Rather, diets would have varied by geographic locale, climate, and specific ecologic niche.However, there are universal characteristics of preagricultural hominin diets that are useful in understanding how the current Western diet may predispose modern populations to chronic disease.

Additionally, mixtures of foods listed in Table 1 make up the ubiquitous processed foods (eg, cookies, cake, bakery foods, breakfast cereals, bagels, rolls, muffins, crackers, chips, snack foods, pizza, soft drinks, candy, ice cream, condiments, and salad dressings) that dominate the typical US diet.

Hominins, like all mammals, would have consumed the milk of their own species during the suckling period.

When the environment remains relatively constant, stabilizing selection tends to maintain genetic traits that represent the optimal average for a population (2).

When environmental conditions permanently change, evolutionary discordance arises between a species’ genome and its environment, and stabilizing selection is replaced by directional selection, moving the average population genome to a new set point (1, 2).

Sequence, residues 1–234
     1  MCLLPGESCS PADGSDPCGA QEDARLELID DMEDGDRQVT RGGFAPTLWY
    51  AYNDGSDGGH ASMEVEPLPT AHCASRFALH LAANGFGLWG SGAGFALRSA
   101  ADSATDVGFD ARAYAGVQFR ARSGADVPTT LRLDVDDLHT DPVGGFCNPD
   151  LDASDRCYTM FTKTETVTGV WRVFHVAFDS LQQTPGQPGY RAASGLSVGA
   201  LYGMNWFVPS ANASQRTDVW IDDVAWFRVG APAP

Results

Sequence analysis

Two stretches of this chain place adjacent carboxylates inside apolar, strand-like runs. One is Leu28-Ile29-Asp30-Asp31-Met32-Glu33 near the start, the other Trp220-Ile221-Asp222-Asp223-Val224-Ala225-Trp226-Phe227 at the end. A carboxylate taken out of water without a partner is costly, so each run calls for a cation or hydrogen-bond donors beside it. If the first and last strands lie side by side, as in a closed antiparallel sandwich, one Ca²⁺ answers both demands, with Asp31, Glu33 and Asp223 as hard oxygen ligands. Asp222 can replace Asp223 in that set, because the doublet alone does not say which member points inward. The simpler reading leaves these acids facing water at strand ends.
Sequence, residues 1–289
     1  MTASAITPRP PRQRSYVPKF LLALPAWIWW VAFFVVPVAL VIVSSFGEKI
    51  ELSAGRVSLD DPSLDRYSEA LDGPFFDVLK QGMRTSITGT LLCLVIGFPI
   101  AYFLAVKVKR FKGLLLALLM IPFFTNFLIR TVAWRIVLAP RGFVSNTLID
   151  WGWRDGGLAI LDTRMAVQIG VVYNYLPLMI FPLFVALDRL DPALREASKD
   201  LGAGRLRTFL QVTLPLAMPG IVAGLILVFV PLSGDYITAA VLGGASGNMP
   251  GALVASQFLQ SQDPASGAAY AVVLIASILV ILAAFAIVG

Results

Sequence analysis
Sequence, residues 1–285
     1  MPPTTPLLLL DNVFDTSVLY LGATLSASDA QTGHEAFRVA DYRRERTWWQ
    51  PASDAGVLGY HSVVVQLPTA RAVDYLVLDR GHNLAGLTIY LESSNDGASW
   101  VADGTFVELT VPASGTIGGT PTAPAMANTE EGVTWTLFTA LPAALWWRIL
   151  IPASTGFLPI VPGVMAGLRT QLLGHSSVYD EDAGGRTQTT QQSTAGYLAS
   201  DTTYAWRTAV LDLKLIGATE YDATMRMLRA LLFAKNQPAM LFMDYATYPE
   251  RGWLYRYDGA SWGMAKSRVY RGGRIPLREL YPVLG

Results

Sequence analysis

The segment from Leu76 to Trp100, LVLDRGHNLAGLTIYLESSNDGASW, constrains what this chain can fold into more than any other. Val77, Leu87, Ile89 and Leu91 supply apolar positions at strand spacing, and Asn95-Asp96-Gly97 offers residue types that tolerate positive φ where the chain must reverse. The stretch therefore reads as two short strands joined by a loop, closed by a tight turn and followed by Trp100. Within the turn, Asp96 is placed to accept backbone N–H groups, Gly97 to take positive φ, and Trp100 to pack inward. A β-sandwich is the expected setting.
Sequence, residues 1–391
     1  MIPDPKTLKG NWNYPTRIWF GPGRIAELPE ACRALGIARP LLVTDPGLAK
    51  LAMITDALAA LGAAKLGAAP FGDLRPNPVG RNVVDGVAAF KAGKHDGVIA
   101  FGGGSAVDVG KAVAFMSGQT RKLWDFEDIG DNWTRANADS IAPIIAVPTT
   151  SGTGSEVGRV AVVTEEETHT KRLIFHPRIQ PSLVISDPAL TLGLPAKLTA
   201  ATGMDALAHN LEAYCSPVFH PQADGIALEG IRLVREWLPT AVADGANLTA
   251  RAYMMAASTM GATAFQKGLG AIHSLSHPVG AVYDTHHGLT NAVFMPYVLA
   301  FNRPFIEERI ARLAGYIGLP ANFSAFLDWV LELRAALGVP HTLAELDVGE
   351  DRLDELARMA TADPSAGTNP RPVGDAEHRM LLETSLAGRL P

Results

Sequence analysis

Osteoporotic hip fractures are associated with a 20% excess mortality in the year after fracture (17).

Cancer is the second leading cause of death (25% of all deaths) in the United States, and an estimated one-third of all cancer deaths are due to nutritional factors, including obesity (18). Similar to historically studied hunter-gatherers (20, 21), there would have been no single universal diet consumed by all extinct hominin species.

Hence, as was the case with dairy foods, before the Epi-Paleolithic (10000–11000 y ago) and Neolithic (10000 to 5500 y ago) periods, there was little or no previous evolutionary experience for cereal grain consumption throughout hominin evolution.

In Table 1, it is shown that 85.3% of the cereals consumed in the current US diet are highly processed refined grains.

Sixty-five percent of adults aged ≥20 y in the United States are either overweight or obese (13), and the estimated number of deaths ascribable to obesity is 280184 per year (14).